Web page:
Ahead of the medium-term budget policy speech and the SA Investment Summit this week, things are already looking up for home buyers and owners in SA thanks to a stronger rand, declining inflation and improving employment prospects.
This follows President Ramaphosa’s national jobs summit earlier this month and his appointment of former Reserve Bank governor Tito Mboweni as the country’s new finance minister a few days later.
These two events have already seen the rand strengthen against the dollar and other major currencies, and prompted major ratings agency Moody’s to delay any review of SA’s credit rating, which it currently ranks as positive with a stable outlook.
Moody’s is the one agency that currently stands between SA consumers and the hugely negative effects that a downgrade of the country’s investment status to ‘junk’ would have, which is why there is always so much anxiety when a review of its assessment is due, as it was on 12 October.
However, the agency has now announced that it will not make any decision until after the medium-term budget policy speech which minister Mboweni will deliver on Wednesday, and there is now good reason to hope that its rating and outlook will remain unchanged, despite the fact that SA entered a technical recession in the second quarter of the year and is still experiencing only very low GDP growth.
Better performing rand
Although volatile, the rand has also performed better since Mr Mboweni’s appointment, and this will hopefully reduce the need for further fuel price increases this year and thus help to keep inflation down and interest rates static.
Meanwhile, the economy is showing definite signs of improvement and the third quarter results are expected to show a return to GDP growth. Statistics reveal, for example, that production in the manufacturing sector was up in July and August compared to the second quarter and that car sales have increased steadily since June.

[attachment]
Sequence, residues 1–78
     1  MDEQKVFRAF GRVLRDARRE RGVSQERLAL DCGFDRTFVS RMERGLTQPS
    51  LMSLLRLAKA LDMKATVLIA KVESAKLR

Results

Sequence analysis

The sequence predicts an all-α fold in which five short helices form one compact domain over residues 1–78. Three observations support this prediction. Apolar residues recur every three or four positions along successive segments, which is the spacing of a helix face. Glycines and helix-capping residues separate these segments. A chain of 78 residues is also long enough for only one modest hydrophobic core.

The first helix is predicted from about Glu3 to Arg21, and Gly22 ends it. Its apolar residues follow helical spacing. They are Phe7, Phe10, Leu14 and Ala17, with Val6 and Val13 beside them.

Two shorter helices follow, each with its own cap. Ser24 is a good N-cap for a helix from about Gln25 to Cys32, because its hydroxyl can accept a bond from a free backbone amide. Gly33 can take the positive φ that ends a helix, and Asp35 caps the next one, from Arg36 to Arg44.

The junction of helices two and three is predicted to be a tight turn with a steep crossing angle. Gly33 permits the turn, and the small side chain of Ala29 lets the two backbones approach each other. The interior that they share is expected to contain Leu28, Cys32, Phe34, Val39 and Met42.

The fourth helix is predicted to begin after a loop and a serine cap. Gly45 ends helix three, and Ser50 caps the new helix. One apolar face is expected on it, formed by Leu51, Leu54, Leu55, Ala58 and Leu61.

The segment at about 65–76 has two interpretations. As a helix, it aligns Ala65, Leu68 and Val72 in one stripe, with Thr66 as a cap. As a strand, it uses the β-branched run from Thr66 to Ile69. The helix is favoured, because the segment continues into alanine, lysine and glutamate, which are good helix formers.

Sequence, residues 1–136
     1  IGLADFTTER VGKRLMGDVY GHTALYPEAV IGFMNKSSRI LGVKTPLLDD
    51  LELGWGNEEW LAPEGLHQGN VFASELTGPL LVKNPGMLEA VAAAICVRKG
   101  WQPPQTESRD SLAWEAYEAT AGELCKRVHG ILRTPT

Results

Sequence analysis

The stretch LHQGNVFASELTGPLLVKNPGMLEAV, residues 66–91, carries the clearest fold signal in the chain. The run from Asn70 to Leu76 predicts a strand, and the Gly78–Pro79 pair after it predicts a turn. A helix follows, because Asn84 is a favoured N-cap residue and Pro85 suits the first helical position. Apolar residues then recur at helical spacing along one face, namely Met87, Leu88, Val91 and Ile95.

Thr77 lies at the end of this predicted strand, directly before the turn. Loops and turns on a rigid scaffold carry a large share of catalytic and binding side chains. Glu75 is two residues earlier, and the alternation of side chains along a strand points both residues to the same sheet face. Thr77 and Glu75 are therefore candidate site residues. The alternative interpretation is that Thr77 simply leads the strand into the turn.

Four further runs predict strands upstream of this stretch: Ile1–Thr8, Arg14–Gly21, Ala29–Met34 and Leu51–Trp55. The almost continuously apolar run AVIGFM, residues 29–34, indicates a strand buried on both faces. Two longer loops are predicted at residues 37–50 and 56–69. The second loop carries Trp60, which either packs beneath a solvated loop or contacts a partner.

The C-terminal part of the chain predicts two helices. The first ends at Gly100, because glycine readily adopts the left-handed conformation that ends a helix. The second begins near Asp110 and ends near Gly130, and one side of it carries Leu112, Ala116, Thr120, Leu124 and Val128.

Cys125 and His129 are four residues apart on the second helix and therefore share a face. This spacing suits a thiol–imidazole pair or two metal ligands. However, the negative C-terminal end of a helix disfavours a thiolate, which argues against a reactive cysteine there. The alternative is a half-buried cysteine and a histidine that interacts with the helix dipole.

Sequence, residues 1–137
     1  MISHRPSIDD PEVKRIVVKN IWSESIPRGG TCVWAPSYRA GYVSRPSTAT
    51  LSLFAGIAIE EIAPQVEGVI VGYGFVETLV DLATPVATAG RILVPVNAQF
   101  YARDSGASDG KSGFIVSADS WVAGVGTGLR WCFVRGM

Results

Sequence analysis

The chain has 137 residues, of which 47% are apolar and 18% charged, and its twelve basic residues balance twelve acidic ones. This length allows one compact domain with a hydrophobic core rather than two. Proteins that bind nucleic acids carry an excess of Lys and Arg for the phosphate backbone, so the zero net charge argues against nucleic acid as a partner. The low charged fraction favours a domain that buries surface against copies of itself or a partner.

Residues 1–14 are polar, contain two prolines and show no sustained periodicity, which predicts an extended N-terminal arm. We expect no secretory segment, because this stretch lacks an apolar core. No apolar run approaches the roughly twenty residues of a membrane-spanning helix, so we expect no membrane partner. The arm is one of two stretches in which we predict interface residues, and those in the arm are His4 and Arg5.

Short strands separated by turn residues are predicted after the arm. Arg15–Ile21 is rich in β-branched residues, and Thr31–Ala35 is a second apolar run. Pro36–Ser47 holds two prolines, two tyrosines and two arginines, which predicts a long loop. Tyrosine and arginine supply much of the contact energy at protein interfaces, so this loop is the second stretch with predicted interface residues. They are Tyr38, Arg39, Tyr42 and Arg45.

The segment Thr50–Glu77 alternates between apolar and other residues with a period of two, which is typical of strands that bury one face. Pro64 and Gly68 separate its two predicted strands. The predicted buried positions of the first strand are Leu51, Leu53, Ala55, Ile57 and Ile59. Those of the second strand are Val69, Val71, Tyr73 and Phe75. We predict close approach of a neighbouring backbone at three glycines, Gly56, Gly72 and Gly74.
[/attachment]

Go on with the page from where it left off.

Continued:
In addition, our figures show that home loan application numbers were 2.76% higher in the third quarter than in the second, and we hope to see this trend continue as the agreement concluded by government, business, labour and community organisations after the jobs summit takes effect.
Obtaining a home loan is the key to home ownership for most people, and a steady job or profitable self-employment is a prerequisite for those applying for home loans, so it was exciting to learn that the job summit participants are committed to creating more than 250 000 jobs a year for at least the next 10 years. If even just 10% of those jobs result in home purchases, the potential for the expansion of SA’s R4 trillion residential real estate market is enormous.
As for those who are already planning to buy a home, they should be sure to apply for a loan through a reputable bond originator. At the moment, we are finding that the average variation between the best and worst rate offered on an application is 0.5%, which could translate into very significant savings for the borrower. On a R1.5 million loan, for example, the potential savings amount to almost R120 000 worth of interest over the lifetime of the loan, plus some R6 000 a year off the home loan instalments.